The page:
I used this person's thought to support my statement, "Some who support harsh treatment of terrorist suspects have claimed that the criminally convicted often are worse off than detainees, because given the choice between being raped and waterboarded, some likely would choose waterboarding."
If you think that the comment does not support the statement, please let me know. Regarding your own attitudes on torture, from what I can tell you are opposed to making it official, but you find it morally permissible even for people who are not facing an immediate threat to themselves or their own loved ones. You said, "And I think that our operatives are probably so tempted when they face down the evil men who seek out soft civilian targets to sow terror." To get back to the point of my post above, you have no trouble imagining circumstances in which you would torture; I assume you can think of no circumstances in which you would rape.
For the record, I don't actually SUPPORT the harsh treatment of terror suspects. I would classify my stance more as not supporting the gentle and loving treatment of terror suspects. My comment in the blog was more based on the fact that waterboarding was much less horrible that I'd been led to believe by the way people talked about it in the media. For example, the reporter consented to being waterboarded multiple times even after the first time. It's bad and torture is bad. But being violently raped by a convict in a US prison would be much worse. I doubt the reporter would have consented to being violently raped even once...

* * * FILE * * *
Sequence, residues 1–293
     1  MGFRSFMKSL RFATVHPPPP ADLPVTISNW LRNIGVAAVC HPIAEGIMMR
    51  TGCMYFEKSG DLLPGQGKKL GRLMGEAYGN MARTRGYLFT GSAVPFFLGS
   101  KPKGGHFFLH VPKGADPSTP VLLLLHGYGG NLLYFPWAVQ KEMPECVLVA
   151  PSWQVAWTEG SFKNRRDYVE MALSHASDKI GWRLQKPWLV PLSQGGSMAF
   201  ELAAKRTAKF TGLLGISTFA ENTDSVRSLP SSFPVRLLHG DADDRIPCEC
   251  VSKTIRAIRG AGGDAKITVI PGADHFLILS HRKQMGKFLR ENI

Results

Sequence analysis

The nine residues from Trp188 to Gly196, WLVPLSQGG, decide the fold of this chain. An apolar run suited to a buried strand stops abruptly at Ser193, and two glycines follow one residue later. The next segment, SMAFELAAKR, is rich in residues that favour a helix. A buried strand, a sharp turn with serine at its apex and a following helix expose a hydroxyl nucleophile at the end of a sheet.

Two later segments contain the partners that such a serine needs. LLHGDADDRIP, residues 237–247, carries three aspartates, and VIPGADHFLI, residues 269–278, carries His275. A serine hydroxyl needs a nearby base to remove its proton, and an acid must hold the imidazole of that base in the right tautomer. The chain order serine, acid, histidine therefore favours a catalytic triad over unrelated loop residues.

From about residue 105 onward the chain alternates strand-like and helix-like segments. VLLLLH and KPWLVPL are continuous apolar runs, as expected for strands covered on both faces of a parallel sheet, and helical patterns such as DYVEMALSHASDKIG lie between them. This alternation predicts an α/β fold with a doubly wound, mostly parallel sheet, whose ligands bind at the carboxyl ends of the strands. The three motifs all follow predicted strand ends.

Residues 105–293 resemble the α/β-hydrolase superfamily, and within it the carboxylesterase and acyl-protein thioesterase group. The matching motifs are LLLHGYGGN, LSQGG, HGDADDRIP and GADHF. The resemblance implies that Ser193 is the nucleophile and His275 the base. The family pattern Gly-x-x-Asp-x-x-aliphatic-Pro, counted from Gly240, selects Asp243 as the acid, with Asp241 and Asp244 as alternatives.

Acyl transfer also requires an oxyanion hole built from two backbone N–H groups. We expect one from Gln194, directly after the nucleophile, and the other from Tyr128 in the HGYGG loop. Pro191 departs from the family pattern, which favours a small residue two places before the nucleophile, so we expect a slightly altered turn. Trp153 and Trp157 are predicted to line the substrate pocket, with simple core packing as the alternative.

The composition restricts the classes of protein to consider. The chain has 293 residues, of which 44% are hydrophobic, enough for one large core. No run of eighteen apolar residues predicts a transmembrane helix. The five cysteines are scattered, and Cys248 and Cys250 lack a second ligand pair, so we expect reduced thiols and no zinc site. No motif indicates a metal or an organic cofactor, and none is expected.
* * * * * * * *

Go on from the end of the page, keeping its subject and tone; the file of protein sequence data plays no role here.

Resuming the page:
That I have correctly noted that a number of opponents of Gitmo have incorrectly cried wolf and falsely used the word "torture" to describe mild interrogation techniques less coercive than that used in any inner-city police department does not mean that I support or defend waterboarding.
And, yes, I find it offensive when people equate Gitmo with a Nazi concentration camp. That doesn't mean that I support or defend waterboarding.
Ted, I assume you read the NYT article you linked, and therefore are aware that neither the reporter nor anyone quoted in the article about the ethics of doctors' assisting interrogators in finding detainees' psychological weak points described this as torture. The most negative description quoted was "abusive interrogation strategies." The NYT reporter called them merely "coercive interrogations." Nor did the part of my post where I'd accidentally linked you use the word torture, only "harsh treatment."
If you know of an inner-city police department that uses information obtained by medical professionals in order to coerce information from arrestees, I'd be interested to hear about it, as such people probably are violating ethical requirements including that of patient confidentiality, which is now also protected by federal statute through HIPAA: "interrogators were told that a detainee's medical files showed he had a severe phobia of the dark and suggested ways in which that could be manipulated to induce him to cooperate." While detainees obviously do not have such privacy rights, arrested persons certainly do.
Just out of curiosity, what is your position on waterboarding?